In Twitter’s most recent earnings call, CEO Dick Costolo and CFO Anthony Noto talked up the massive potential that lies in the platform’s wider audience – people who arenot logged in but who view tweets. I can’t help but think a similar motivation is behind the announcement of Facebook’s latest project, tentatively titled ‘Facebook @ Work’. With so many people logging onto Facebook while at work anyway, why not find a way to monetize them? That, along with LinkedIn’s continued growth and the lack of a truly dominant enterprise collaboration platform has lead to Facebook running a pilot program with ‘less than a dozen’ companies looking to develop Facebook’s new offering. Though little official info has been released, the announcement has certainly sparked debate, with many quick to highlight why it won’t, why it can’t, why it’ll never work. But will it?
What is Facebook @ Work?
For all the reports thus far, Facebook has done little more than confirm a version of Facebook for the workplace is in development. A version of this has been operating within Facebook HQ for years, with all the internal communications of Facebook’s 8,000+ workers being conducted via the network. This is how they know it can work, and has formed the base model of what they’re working on.
One significant advantage Facebook will no doubt be seeking to capitalise on is familiarity. Everybody already uses Facebook, everyone’s familiar with the processes and functions. If they’re able to translate that functionality to professional life, there would be significant advantages, including a reduction in training time and smoother interactions between businesses using the platform. With millennials set to form the majority of the workforce by next year, this is likely to form a key pillar of Facebook’s offering, and could put it a step ahead of established platforms like Yammer and Chatter, but then, of course, there is the question of privacy, and what Facebook will do with the data that filters through its algorithms.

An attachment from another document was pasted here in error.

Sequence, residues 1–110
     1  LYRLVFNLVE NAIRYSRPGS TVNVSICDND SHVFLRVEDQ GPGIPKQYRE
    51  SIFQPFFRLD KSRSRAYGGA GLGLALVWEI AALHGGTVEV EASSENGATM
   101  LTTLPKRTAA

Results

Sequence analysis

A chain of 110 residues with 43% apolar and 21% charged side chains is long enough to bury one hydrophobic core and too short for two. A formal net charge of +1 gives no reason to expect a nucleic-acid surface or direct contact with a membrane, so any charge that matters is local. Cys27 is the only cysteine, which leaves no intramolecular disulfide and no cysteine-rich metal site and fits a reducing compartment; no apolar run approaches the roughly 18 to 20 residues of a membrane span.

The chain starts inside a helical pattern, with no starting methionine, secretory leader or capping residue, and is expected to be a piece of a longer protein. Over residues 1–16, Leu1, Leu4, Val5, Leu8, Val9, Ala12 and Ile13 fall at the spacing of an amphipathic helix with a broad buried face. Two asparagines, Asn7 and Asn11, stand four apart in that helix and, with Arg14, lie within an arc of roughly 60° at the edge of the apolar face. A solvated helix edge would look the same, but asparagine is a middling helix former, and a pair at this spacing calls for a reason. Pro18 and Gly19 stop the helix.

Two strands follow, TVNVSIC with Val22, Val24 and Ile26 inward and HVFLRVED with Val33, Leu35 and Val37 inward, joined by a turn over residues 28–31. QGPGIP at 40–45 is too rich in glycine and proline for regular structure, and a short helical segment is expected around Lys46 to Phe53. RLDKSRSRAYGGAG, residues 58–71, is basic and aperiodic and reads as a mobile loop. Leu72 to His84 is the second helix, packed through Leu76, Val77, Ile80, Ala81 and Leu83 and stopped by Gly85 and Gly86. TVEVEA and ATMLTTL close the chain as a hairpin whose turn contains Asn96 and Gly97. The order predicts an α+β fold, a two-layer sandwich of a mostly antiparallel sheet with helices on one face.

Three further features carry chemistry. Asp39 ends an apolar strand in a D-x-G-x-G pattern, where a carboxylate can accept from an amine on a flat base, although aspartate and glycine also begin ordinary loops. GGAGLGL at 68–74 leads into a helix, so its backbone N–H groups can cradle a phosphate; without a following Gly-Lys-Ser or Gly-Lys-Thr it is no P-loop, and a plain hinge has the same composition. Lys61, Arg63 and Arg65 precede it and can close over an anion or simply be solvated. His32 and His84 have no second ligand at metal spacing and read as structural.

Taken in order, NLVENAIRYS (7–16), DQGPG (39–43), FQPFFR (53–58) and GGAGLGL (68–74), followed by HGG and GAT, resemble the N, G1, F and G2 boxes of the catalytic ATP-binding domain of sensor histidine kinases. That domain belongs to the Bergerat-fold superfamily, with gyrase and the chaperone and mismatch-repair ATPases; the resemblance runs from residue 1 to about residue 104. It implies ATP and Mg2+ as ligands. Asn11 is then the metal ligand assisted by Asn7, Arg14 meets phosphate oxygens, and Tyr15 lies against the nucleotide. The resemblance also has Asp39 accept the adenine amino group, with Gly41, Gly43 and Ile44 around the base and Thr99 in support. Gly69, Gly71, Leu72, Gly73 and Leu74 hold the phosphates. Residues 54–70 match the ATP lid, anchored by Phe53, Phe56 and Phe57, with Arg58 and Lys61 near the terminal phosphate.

The Privacy Issue
While Facebook isn’t the only platform to suffer privacy slip-ups in the past, it’s the key target in the social media privacy debate. Because it’s Facebook, it has the most users by far and the most access to personal information, data that it has, at times, used for less than ethical purposes. That reputation is the biggest hill the network needs to climb to get Facebook @ Work accepted on a large scale – if people are already concerned that someone might find out about their personal affiliations and interests from their personal Facebook account, that concern is compounded ten times over when it comes to dealing with private business documentation. Would you want to share your employee records and financial data via Messenger? No doubt Facebook is well aware of this and will formulate a system with robust security controls, but the question of privacy will remain the big one, and the further question of how Facebook might monetize such a platform will also need to be addressed.
Will Facebook @ Work, Work?
Seeing Facebook try to challenge in a related market they’ve not yet dominated is nothing new. They tried SlingShot when their acquisition of Snapchat fell through. They tried Paper earlier this year and it never really took off. They acquired WhatsApp with a view to accessing more users, though so far they’ve allowed the company to continue operating autonomously, no doubt learning from past disruption (an aspect which may prove very relevant in this case). Seeing Facebook extending themselves to another segment is pretty much par for the course – if they see a market they believe they can service better, they’ll have a shot at it. If it pays off, it could be massive, but if it doesn’t, it’s not a significant loss. The one aspect that raises the stakes in this move is data – gaining access to internal business interactions would provide Facebook with a whole new stream of information, a whole new range of ways to monetize and capitalise on the wealth of data they have available. Imagine all the transactions they could access, all the movements they could see, all traceable, reportable and available to the highest bidder – minus the relevant company names, but dividable by sector. That element is motivation enough for Facebook to do all they can to make it work, and of course, it’s within the realm of possibility they could do so.
The critics are speaking out, the obstacles are stacked in Facebook’s path. But will it work? I wouldn’t bet against it just yet.